Our sin nature makes us this way: far too easily pleased. We are ripe for mistakes and constantly returning to our place of weakness. Our sin nature means we're going to fail and God isn’t surprised by that. We're thankful that God forgives us, but it is our duty to setup guardrails that make it easier to stay on his path. 

So, how can we address this magnetism towards sin? How can we keep ourselves from being “too easily pleased”? 

First, acknowledge your temptation and where it comes from. It doesn't come from God. He has your back. 

“When tempted, no one should say, “God is tempting me.” For God cannot be tempted by evil, nor does he tempt anyone;” - James 1:13 (NIV)

“No temptation has overtaken you except what is common to mankind. And God is faithful; he will not let you be tempted beyond what you can bear. But when you are tempted, he will also provide a way out so that you can endure it.” - 1 Corinthians 10:13 (NIV)

 But temptations can come from the devil (1 Peter 5:8) and from ourselves (James 1:14). 

In acknowledging your temptation, you may need to confess to Godly counsel. This will provide some accountability along the way, and give you wise counsel as you go through your struggle. 

"Listen to advice and accept discipline, and at the end you will be counted among the wise. Many are the plans in a person’s heart, but it is the Lord’s purpose that prevails." - Proverbs 19:20-21

 Second, separate yourself from it! I mentioned in a previous post that I've been in multiple car accidents at the same intersection (none my fault, for the record). When driving through the city, I avoid that intersection if at all possible. Not because I'm scared, but I've seen the danger that lurks there. If you've fallen prey to temptation, it's foolish to allow it to sit, lurking in your house. While I probably won't get in another wreck at the said intersection, I've seen the danger and don't want to allow it the opportunity to bite again.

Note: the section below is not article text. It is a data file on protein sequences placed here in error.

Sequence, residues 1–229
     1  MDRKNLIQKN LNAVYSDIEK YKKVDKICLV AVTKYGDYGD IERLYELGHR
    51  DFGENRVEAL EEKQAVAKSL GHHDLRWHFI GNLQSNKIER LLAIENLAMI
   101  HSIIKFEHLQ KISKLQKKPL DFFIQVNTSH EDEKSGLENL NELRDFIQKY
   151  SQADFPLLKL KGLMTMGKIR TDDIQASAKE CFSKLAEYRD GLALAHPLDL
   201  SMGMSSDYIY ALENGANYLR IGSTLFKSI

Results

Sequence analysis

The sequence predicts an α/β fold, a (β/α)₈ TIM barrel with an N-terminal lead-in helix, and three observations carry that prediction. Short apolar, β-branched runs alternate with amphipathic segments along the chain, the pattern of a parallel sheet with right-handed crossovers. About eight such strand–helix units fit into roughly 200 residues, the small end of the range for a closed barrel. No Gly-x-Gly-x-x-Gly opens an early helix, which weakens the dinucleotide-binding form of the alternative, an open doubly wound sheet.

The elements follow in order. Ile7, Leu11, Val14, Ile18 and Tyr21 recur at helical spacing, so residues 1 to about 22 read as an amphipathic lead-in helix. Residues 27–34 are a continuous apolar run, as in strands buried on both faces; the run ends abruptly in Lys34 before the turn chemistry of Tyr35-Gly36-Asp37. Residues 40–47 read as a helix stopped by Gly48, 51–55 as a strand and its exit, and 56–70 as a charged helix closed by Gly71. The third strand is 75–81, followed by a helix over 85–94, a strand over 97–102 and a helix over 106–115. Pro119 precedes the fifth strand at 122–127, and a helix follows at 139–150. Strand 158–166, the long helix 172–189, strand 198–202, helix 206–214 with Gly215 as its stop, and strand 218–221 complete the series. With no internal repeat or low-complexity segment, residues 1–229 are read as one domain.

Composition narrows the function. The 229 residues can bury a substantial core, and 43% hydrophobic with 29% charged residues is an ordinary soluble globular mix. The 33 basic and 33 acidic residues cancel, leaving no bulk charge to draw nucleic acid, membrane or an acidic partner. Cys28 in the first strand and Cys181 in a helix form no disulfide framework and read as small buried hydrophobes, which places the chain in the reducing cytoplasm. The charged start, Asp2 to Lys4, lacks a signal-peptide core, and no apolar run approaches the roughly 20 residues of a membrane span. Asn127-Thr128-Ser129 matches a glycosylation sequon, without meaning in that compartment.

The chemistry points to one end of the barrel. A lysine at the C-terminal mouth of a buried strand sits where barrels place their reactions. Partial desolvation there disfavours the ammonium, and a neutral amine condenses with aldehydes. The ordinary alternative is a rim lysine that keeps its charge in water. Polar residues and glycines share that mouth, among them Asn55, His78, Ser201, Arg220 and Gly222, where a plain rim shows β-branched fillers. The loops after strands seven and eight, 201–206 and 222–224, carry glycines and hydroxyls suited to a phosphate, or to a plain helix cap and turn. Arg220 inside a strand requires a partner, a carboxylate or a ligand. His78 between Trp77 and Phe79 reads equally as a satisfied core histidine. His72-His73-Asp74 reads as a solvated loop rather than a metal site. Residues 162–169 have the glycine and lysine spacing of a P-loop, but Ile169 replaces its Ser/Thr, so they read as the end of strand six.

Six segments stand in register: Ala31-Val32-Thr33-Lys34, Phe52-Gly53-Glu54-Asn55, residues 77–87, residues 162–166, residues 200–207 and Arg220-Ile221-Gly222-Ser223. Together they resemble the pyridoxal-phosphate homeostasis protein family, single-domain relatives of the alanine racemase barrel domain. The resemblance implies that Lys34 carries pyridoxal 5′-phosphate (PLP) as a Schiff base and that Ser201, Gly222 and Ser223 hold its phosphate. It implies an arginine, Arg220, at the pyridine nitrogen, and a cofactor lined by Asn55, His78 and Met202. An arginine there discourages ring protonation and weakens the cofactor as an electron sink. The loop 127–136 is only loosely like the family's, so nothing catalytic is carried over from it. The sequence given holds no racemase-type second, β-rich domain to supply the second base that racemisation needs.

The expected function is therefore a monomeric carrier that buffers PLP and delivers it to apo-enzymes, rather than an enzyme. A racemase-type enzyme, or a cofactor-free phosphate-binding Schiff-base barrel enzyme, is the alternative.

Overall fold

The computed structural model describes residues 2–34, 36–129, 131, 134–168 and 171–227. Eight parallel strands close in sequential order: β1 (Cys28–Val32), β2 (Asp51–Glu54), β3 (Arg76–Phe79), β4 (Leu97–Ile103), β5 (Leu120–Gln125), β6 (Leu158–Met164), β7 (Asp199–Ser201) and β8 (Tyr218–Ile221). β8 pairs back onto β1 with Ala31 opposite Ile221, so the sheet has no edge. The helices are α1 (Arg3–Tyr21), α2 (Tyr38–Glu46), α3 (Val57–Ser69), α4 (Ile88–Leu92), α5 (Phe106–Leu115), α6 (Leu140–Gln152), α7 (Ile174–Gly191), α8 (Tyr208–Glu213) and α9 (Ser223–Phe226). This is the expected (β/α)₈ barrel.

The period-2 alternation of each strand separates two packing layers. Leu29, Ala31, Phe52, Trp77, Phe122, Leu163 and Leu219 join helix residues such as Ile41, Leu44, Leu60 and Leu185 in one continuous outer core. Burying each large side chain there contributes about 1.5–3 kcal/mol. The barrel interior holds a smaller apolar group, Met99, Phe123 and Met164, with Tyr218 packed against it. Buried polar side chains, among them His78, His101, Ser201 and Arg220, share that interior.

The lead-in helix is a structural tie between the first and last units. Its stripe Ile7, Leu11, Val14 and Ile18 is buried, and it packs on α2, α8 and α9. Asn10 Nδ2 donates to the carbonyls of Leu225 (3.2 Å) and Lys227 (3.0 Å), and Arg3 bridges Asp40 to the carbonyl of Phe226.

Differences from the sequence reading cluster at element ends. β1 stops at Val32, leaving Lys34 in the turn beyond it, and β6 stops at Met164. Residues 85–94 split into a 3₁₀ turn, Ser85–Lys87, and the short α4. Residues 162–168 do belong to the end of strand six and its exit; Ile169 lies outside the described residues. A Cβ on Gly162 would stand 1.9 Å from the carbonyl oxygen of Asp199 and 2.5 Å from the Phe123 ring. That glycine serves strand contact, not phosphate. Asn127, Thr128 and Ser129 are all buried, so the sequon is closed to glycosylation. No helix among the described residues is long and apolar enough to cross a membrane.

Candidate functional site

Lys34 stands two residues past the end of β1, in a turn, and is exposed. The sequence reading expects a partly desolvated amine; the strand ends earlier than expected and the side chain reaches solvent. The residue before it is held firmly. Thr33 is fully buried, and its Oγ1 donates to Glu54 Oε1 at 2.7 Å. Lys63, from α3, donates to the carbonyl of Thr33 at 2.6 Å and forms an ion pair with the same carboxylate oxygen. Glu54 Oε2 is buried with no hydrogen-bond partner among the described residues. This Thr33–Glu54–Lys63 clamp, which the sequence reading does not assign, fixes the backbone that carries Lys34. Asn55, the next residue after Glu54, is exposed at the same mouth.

“If your right eye causes you to sin, tear it out and throw it away. For it is better that you lose one of your members than that your whole body be thrown into hell.” - Matthew 5:29 (ESV)

 Third, seek out God's Word. We often stop at number two and expect that we can get through our temptation on our own power. But without an arsenal of scripture and prayer to back us up, we're bound to fall for this temptation again. In Ephesians 6:17, scripture is like putting on the armor of protection, with scripture being the sword. The sword is the only weapon used offensively and defensively. Offensively to proactively chop down any dishonoring desires and defensively when that temptation has entered our purview. 

“Set your minds on things above, not on earthly things.” - Colossians 3:2 (NIV)

 If we don't remove the temptation or change our environment in ways that allow us to be successful, we will fall back into our same patterns. Just like the mouse, we return to the same well-worn paths that we've failed on before.

 Eventually we caught our mouse. One morning my wife awoke with a little less excitement than the previous days, opened our pantry, only to be startled by a mouse at her foot. The mouse had been caught, then dragged itself and the trap another six feet, attempting to chew another hole through the drywall. He would do anything in his power to try and get away. There is a lesson in that as well, but it is one for another day.